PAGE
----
Karen Horneffer-Ginter
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Remembering What's Most Essential

When our lives are busy and our calendars are full, the things that matter most in life can get lost in the density of our daily obligations and activities. It can help to have a strategy, not only for remembering what's most important, but also for remembering to remember what's most important. Here are five strategies to consider:

#1 Naming Our Priorities

Aside from Near Year's resolutions, we're not often asked to think about our priorities and intentions. For many of us, even if we do write something down on January 1st, we can forget what that something was by the time spring rolls around. It's helpful to set aside a little time each month to reflect on what feels most essential right now in our lives. Sometimes, this might be an outward action, like spending more time with our children or exercising more. Other times, we might want to focus on thinking more generous and compassionate thoughts, or stopping to take intentional, full breaths throughout the day as a way of being more present in our life. Chose one or two areas to focus on, and write down your intentions as a mission statement of sorts for the month ahead.

#2 Creating Reminders

It's helpful to have a method for reminding ourselves of the priorities we've named. We can create prompts that we'll literally bump into as we move through our day-to-day life. Sticky notes on bathroom mirrors and refrigerator doors work well, as do notes in our planner. We can even set our cell phones to sound reminders throughout the day. When what we're trying to remember involves our thoughts, or our way of showing up throughout the day, having some object on us-- like a piece of jewelry, or a stone in our pocket-- can also serve as a useful reminder.

#3 Creating a Special Space

In order to help ourselves remember what feels most essential, it's useful to carve out a space in our home that can hold special objects, photographs, or whatever else might inspire and remind us of what we most value. This space can be a shelf on bookcase, a small table, or a window sill. There's something metaphorically rich about giving space in the outer world to that which we want to give space to within ourselves.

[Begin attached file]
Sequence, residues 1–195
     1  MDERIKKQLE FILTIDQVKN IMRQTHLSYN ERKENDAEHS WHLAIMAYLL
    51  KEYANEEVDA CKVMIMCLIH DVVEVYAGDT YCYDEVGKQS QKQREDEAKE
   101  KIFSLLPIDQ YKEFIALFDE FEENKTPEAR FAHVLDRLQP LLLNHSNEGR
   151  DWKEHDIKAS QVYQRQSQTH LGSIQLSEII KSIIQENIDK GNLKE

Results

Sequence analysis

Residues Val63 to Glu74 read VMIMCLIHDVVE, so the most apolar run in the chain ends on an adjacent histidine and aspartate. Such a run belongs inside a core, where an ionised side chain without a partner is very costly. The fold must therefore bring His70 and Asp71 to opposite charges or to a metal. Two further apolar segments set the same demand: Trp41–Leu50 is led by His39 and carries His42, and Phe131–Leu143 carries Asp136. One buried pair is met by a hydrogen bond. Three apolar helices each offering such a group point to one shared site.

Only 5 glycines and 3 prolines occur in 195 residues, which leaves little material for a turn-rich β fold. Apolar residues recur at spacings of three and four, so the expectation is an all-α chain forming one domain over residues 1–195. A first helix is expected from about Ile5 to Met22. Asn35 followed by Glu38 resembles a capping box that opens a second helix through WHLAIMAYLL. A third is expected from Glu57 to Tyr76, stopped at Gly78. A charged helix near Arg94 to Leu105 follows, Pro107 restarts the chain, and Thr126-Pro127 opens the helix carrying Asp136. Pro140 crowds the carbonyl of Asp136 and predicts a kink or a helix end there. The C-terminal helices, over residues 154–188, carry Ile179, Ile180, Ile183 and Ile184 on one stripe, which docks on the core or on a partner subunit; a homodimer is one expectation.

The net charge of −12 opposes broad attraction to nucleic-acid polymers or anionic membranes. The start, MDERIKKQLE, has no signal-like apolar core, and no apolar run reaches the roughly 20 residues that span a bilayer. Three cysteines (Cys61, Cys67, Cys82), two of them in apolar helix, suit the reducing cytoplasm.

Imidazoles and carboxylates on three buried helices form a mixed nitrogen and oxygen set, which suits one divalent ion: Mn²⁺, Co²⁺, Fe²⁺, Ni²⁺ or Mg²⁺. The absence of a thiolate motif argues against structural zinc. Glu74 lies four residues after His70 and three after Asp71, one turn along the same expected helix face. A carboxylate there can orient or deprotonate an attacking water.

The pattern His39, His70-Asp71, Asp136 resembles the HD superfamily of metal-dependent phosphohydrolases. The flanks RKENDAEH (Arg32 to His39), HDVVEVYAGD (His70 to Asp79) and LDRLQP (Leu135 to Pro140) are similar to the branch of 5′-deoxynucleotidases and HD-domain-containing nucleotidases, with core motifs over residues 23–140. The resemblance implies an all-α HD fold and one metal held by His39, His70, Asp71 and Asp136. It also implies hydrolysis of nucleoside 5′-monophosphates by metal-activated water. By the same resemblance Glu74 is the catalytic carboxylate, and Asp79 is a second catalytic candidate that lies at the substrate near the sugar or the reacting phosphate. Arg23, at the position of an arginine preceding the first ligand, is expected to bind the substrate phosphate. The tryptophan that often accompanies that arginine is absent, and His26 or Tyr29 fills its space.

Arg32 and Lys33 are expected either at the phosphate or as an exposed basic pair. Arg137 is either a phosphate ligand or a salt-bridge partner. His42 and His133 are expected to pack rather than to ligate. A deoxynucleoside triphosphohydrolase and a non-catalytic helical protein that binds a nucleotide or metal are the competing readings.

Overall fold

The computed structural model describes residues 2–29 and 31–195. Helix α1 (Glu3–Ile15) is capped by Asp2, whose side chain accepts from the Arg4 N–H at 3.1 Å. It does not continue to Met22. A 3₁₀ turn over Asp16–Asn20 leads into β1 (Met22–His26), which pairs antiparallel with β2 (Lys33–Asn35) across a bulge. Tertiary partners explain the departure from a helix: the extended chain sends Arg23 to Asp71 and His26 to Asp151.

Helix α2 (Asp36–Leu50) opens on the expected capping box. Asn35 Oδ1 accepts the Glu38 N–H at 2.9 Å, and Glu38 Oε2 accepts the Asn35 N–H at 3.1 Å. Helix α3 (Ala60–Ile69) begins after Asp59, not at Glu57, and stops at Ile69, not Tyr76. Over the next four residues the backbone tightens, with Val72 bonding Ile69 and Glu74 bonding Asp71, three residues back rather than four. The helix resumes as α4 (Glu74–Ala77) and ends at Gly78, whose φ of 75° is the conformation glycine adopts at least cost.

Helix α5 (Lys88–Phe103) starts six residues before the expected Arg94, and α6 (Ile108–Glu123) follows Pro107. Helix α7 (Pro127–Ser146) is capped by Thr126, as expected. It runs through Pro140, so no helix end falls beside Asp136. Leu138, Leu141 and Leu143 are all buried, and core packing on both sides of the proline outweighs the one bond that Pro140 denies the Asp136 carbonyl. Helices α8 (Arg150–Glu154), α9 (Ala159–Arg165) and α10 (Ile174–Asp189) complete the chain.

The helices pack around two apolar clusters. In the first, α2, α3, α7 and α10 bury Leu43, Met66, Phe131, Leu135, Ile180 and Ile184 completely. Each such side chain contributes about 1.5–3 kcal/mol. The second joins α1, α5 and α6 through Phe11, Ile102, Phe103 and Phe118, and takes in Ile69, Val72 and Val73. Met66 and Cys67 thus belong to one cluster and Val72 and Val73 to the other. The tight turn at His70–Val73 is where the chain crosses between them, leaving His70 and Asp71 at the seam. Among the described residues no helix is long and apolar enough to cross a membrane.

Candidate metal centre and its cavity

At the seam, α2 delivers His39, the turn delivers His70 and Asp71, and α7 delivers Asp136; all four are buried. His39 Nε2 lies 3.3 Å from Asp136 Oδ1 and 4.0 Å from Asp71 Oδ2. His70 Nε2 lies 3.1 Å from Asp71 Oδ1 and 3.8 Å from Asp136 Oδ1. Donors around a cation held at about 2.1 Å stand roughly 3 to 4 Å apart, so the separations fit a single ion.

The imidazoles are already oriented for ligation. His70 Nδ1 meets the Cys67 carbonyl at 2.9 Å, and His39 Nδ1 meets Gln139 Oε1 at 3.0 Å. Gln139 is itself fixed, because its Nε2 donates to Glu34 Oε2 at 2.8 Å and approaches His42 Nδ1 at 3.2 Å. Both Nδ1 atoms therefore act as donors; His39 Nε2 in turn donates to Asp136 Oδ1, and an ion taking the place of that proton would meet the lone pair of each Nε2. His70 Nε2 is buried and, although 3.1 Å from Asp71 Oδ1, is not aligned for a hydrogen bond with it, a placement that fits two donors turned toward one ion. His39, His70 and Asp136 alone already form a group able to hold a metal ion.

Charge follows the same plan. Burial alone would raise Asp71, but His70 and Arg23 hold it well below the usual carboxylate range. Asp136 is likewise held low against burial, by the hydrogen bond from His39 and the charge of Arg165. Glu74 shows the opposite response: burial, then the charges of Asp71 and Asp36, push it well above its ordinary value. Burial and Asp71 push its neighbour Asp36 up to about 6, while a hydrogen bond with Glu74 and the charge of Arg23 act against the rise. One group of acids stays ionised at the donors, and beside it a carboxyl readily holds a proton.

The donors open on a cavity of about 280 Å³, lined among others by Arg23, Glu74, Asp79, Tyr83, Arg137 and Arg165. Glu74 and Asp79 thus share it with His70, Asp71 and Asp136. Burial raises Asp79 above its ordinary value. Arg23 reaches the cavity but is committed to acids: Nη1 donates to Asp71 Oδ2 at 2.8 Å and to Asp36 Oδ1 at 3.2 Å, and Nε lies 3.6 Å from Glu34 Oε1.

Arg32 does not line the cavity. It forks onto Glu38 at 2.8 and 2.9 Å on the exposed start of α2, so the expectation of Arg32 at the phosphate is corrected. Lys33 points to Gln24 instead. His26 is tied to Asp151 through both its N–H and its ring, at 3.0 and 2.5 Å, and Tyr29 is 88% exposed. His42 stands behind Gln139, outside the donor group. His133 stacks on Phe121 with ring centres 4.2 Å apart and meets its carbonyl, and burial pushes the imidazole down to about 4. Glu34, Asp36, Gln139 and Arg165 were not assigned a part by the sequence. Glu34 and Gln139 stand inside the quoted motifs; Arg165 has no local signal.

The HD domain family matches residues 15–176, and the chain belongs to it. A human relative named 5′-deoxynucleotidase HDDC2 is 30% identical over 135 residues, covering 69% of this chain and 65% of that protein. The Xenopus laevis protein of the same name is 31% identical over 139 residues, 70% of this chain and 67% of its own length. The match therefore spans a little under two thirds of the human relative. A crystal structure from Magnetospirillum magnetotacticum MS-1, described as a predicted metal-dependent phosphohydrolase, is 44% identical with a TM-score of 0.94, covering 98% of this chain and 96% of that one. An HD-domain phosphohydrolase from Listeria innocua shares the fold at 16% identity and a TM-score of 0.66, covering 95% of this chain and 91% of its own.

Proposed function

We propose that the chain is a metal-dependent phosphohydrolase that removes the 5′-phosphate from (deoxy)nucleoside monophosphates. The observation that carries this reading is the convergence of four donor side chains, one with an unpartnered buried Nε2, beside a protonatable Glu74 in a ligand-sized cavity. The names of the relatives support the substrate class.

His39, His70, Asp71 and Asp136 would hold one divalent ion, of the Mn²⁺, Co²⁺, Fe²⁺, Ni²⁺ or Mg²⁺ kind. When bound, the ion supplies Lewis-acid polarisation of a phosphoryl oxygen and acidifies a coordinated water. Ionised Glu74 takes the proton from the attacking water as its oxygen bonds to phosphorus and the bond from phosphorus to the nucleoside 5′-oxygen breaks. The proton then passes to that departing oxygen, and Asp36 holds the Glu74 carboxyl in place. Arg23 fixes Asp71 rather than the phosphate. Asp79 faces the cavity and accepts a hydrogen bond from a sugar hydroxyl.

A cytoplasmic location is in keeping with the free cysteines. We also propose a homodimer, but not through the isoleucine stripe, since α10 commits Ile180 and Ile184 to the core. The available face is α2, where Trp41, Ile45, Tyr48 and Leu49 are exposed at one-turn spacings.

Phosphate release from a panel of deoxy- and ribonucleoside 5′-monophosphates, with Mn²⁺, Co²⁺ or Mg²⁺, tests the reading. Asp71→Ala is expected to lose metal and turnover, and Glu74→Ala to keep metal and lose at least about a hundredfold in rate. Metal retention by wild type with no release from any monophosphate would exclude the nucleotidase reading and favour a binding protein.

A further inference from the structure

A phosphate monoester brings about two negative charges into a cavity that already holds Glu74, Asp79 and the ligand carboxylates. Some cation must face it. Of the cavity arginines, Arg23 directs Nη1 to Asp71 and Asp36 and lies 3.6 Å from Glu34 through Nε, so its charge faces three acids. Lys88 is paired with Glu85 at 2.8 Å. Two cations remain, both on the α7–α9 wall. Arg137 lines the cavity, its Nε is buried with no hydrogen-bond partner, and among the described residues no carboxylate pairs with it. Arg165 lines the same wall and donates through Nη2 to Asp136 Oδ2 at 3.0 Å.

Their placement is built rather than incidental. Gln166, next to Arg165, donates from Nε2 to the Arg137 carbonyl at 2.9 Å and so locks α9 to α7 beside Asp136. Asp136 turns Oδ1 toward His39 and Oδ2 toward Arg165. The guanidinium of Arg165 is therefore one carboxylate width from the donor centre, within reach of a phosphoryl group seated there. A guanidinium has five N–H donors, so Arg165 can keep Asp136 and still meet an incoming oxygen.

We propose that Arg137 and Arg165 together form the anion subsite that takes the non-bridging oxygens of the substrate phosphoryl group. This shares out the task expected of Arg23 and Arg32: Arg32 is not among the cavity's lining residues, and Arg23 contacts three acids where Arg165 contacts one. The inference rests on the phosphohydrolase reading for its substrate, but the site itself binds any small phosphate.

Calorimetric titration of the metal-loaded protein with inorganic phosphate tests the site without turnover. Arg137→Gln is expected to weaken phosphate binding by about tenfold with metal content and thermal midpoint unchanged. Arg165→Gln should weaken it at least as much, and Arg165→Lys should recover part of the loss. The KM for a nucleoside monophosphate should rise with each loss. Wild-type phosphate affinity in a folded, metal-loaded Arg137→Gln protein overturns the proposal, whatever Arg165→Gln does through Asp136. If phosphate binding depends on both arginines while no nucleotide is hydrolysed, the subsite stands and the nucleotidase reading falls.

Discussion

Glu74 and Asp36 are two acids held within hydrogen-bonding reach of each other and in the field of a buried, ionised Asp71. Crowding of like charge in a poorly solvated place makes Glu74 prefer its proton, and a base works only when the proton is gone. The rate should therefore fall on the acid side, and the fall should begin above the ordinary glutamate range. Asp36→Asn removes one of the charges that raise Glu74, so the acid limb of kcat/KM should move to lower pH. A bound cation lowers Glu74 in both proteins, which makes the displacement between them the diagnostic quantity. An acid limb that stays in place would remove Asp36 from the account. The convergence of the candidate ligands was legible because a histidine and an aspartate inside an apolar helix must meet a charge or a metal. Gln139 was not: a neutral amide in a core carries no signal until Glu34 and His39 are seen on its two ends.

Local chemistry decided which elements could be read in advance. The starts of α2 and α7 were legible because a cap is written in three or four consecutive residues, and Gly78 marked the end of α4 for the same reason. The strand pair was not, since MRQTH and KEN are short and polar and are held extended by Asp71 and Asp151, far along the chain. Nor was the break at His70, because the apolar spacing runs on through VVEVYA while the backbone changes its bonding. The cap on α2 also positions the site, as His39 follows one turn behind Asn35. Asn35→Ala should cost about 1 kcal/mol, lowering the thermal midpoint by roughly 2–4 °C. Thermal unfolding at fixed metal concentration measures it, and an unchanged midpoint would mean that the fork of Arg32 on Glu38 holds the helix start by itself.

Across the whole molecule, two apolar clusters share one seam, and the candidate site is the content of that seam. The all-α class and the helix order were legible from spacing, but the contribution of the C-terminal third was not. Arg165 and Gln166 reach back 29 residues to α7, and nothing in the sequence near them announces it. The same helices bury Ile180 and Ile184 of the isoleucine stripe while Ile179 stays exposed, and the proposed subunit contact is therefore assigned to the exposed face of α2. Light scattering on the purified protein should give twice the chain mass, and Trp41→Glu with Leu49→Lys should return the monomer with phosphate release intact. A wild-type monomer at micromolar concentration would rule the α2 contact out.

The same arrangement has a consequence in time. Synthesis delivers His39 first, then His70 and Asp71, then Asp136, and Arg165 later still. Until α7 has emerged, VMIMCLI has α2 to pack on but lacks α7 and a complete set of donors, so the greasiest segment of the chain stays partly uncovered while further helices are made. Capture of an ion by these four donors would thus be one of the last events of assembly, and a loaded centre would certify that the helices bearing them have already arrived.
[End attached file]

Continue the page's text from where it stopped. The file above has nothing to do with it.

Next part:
#4 Taking Field Notes and Gathering Inspiration

Given that our lives are continually evolving, the gesture of naming what's essential can be viewed as more of an ongoing process than a one-time, or even an occasional, activity. Staying in conversation with ourselves about what needs attention in our life and in the larger world around us is a valuable practice. It's useful to carry paper and pen with us so that we can jot down thoughts and insights that might arrive at random times during the week. It's also helpful to notice any images or words we encounter that speak to us in some way. I know, for myself, these sometimes take the form of a quote I come across or a photograph that's been shared on the internet. These discoveries can feel like small treasures, offering inspiration about where we'd like to invest more time and energy, or what might bring greater balance to our lives.

#5 Taking Time-Outs

Although it can feel difficult to carve out time out for one more thing when our lives are busy, it's worth periodically taking time to sit and reflect on how we're spending our time and if our choices feel consistent with what we most value. When we've been on-the-go for long periods of time, we can lose track of our priorities. It becomes all too easy to get lost in our to-do lists and to forget the larger picture of what brings meaning to our lives. Stepping back from life, every now and then, helps us reconnect with our clarity and wisdom. Even if we don't have opportunities to do this in some formal way, we can at least take several minutes to sit down and turn our attention within-- allowing ourselves to remember what we most want to remember.

(written for www.Beliefnet.com)

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